The Federal Border Guard also protects key public buildings, such as the office of the Federal President and the Federal Chancellor, the ministries and the Federal Constitutional Court in Karlsruhe. It supports the Federal Criminal Police Office in protecting VIPs and in carrying out responsibilities on the high seas including environmental protection measures.

Since April 1, 1992 the Federal Border Guard has also been responsible for railway and civilian air traffic security. It helps the state authorities cope with particularly dangerous situations, for instance where large forces have to be on duty during state visits or public demonstrations.

The guard is also called in during natural disasters and major accidents. Beyond its statutory functions it carries out international responsibilities, chiefly as part of the police component of UN peacekeeping missions.

The Federal Criminal Police Office (BKA, Bundeskriminalamt), which is based in Wiesbaden with a head department near Bonn, is the focal point of cooperation between the federal and state law enforcement agencies. Concerned with international crime, it collects and evaluates information and other data. The Federal Criminal Police Office is the main body for criminological research and serves as the national center for INTERPOL, the international Criminal Police Organization.

The BKA handles serious crimes, such as international drug trafficking, gun-running and terrorist activities. In large-scale operations it supports the police of the federal states. The BKA's security unit in Bonn protects the Federal President, the Chancellor, ministers, etc. Its staff of about 4,000 comes under the authority of the Federal Ministry of the Interior.

Each county has its own state CID office (Landeskriminalamt, LKA) that works as support office for local departments. There are more tasks like laboratories, computer crime office and so on.

Each county has its own constitution-protection agencies (Verfassungschutz). The federal agency is based in Cologne. Safeguarding the democratic system is defined in the basic law as "protection of the constitution". In order to be able to provide effective protection, the federal and state authorities collect information on extremist activities and on other developments, which constitute a threat to national security and evaluate it for the central and state governments, ministries and courts.
Another important area is counter-espionage. The federal authority charged with these tasks is the Federal Office for the Protection of the Constitution in Cologne. It is accountable to the Federal Ministry of the Interior and cooperates with the corresponding state agencies. This agency has no executive police powers. It may not arrest or interrogate anyone. A law enacted in 1990 defines the legal basis for its activities more precisely and thus ensures greater protection for rights of privacy. The federal and state agencies for the protection of the constitution are under the supervision of the competent ministers, parliaments and data protection commissioners. Further control is exercised by the courts.

German Police Vehicles

I know that our cars and motorcycles are very different than yours. Here in our state (North Rhine-Westfalia) we use the Opel (GM) Vectra as our normal patrol car. Other states use different cars, e.g. Bavaria uses BMW.

The traditional color for patrol cars in Germany is green and white. The units all over the country have the same colors.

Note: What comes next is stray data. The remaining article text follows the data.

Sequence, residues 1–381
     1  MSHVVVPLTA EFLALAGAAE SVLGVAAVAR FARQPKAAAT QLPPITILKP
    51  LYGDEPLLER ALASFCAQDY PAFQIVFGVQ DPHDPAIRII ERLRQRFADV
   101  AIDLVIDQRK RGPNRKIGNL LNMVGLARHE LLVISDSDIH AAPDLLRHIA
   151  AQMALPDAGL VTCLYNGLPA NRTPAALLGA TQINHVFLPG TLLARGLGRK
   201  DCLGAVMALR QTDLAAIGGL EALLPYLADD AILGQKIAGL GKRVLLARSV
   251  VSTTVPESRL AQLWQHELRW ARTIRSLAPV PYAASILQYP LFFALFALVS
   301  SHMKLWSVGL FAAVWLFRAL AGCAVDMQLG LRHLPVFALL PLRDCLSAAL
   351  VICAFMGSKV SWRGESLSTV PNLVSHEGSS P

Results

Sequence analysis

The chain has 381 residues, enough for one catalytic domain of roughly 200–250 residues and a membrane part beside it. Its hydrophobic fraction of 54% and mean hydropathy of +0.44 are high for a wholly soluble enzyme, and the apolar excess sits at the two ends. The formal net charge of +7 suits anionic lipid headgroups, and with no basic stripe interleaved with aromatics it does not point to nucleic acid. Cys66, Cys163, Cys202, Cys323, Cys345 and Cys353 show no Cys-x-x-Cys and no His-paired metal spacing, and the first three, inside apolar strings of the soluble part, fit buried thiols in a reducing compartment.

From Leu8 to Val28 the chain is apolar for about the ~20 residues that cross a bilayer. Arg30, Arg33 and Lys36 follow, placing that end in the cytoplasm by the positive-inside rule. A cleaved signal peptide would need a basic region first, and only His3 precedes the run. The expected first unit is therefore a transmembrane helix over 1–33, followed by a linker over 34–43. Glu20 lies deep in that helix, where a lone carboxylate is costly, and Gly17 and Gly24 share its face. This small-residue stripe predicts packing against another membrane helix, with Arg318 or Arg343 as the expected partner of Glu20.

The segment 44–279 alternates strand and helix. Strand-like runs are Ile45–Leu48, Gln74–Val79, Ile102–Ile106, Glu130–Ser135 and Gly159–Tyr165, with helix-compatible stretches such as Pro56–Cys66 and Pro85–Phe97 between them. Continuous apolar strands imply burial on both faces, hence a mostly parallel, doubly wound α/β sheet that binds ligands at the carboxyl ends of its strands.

The equipment is also very different. We don't have "cages" there is no radar system inside the cars, no "shotguns" under the roofs and no air-conditioning. There is no video surveillance system for our cars and we don't use something like GPS. All these things are "the future". For transporting suspects we often use our van, which is better equipped. For speed checks we have a special task force, which is equipped with different systems, e.g. laserguns (new here in Germany).

Some words about weapons...

Not all units are equipped with our "best" weapon, the MP5 from Heckler&Koch. But we have enough in the stations in case we need them. Normal guns are the SigSauer P226 (9mm, full metal jacket). We are not allowed to carry other guns at duty, such as private guns.


Vehicle Equipment

The blue lights and "communication" are mounted on top of the cars. You can display different words to both sides of the car, like "Stop" (it’s also possible to have mirror writing, so cars in front of you must stop), "Follow me" (cars behind you must follow you). This equipment is new for some years now. Before that we used the stick.

Stick procedure: The unit must pass the car, which should be stopped. The officer on the passenger seat opens the window, holding the stick outside. This "lollipop" is shown to the car behind you and the driver must stop!

I know that this procedure sounds funny, especially to American Officers, but we still use this stick for traffic controls on the road. Every road user must stop when the stick is shown towards him.

Helicopters

The air unit at the Dusseldorf Airport is not part of the Dusseldorf police department. It's part of the county police where all activities are coordinated.
Currently they use two different helicopters:



Seats: 5
Engines: 2
maximum performance (kw/PS): 2 x 310 / 420
maximum all up weight: 2500 kg
unladen weight: 1550 kg
maximum [permitted] load (incl. fuel) 950 kg
usable fuel tank volume 570 l
with extra fuel tank 770 l
fuel consumption per hour 200 l
average speed for a journey 210 km/h
Crew: 2 Officers per unit
extra equipment video camera, transmitting live pictures, searchlight, infra-red picture possible, Thermal Imager possible
permanent equipment numerous radios, loudspeaker, cameras, medical emergency equipment

Gerhelicopter
Technical Information:


Seats (incl. Crew): 8-11
Engines: 2
maximum performance (kw/PS): n/a
maximum all up weight: 3200 kg
unladen weight: 1550 kg
maximum [permitted] load (incl. fuel) 1045 kg
usable fuel tank volume 690 l
with extra fuel tank 890 l
fuel consumption per hour (l/h) 263 l
average speed for a journey 235 km/h, 125 kts
Crew: 2 Officers per unit
extra equipment video camera, transmitting live pictures, searchlight, infra-red picture possible, Thermal Imager possible
permanent equipment numerous radios, loudspeaker, cameras, medical emergency equipment

Like every land, the people, culture, history and philosophies combine to define Germany as a unique country. Though the police training, equipment and structure itself differ from American police departments, the goal of protecting and serving the people remains the same.

Jorn Weber is a detective in the Dusseldorf Police Department in Germany. He lives on a farm close to the Dutch border with his wife Anka. You can read more about the German police system on his extensive web site at: http://www.polizei-web.net or e-mail him at jw@online-club.de.